The Keeper of Nonsense

This was written during the 83rd week of the WWKC workshop, hosted by Poet Jen Harris.

Prompt:
Write about a moment that you realized you are not the center of the universe. 

There is a woman at the front of the group, telling us powerful stories about her life, here only to teach us about God from her own experiences. Her phone vibrates on the table beside her, buzzing all our attention away from her words for a moment. She presses a button to silence it, swiftly. In the middle of her next sentence, it vibrates again, again we all try to dig our attention in but our focus shifts anyway, while she reaches to silence it for a second time. Within sixty seconds it rings again, and her face twists in concern and empathy, embarrassment and a hint of frustration. She offers us, her audience, a true southern woman apology while gesturing and explaining with as few words as possible that it’s one of her children and three calls in a row must be an emergency. We all murmur our understanding and await her return. She steps into an adjacent room. We hear her respond that yes of course she DOES know exactly where the soccer cleats are, and that she’s told that child no less than one hundred thousand times where to put their soccer cleats so this wouldn’t be a problem, and that she was “BUSY, for goodness’ sake!”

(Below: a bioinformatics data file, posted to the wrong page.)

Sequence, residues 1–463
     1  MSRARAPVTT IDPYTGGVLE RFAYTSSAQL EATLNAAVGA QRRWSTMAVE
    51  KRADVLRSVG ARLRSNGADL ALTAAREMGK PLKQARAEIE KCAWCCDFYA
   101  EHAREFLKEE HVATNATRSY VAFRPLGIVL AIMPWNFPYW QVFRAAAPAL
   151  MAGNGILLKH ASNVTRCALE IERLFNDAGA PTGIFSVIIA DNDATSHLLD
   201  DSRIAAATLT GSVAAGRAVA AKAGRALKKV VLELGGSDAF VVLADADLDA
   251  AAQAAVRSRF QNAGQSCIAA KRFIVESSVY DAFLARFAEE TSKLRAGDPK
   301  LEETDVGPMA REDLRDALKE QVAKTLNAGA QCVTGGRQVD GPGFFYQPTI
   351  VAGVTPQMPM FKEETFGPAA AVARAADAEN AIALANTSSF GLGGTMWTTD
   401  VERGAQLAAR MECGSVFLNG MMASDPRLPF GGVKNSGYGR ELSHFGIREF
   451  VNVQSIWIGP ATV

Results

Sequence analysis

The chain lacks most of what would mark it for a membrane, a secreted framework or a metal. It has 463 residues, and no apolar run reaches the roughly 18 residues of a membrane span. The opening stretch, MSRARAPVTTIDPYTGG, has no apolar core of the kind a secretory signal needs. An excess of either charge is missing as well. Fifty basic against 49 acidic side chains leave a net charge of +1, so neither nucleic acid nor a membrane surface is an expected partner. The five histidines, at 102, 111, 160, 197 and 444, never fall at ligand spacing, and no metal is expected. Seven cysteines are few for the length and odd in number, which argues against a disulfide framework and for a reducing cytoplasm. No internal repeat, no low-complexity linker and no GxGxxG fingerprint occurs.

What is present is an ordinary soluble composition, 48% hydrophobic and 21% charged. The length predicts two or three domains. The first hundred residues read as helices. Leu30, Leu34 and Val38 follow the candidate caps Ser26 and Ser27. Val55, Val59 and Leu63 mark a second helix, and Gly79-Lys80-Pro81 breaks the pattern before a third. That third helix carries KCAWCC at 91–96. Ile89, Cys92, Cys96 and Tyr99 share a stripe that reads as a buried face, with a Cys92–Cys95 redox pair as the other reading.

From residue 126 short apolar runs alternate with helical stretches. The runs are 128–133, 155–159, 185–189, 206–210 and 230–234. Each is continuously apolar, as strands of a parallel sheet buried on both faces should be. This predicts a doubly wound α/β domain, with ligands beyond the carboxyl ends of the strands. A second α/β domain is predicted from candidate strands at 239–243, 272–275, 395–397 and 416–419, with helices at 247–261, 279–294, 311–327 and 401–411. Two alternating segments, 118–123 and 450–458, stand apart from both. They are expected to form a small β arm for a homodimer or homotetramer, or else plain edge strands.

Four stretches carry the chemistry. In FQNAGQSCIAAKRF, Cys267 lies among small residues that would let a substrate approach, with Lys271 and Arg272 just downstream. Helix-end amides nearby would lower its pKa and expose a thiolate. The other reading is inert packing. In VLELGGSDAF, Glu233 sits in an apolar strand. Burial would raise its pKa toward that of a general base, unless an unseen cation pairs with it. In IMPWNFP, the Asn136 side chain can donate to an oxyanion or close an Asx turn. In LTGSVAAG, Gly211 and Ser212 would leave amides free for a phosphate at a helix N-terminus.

I overheard this exchange and I felt my cheeks flush. I was nineteen and it had never occurred to me that my mother ever did anything that was important enough not to interrupt over whatever I might need in any given moment.

I wonder how many times I interrupted her existence, sending her heart spiraling into emergency mode over tiny, trivial things. Never soccer cleats, but definitely spare keys, and favorite dresses. How many times did I move through existence like I was the sun around which every living thing revolved? Never realizing that it was really her. She is what kept us all in orbit, that she is what gave us warmth. She knew the whereabouts of all my most important nonsense and was the keeper of my dreams. She held us all together, and it was only after I couldn’t call her for anything that I realized how important all her moments had always been. 

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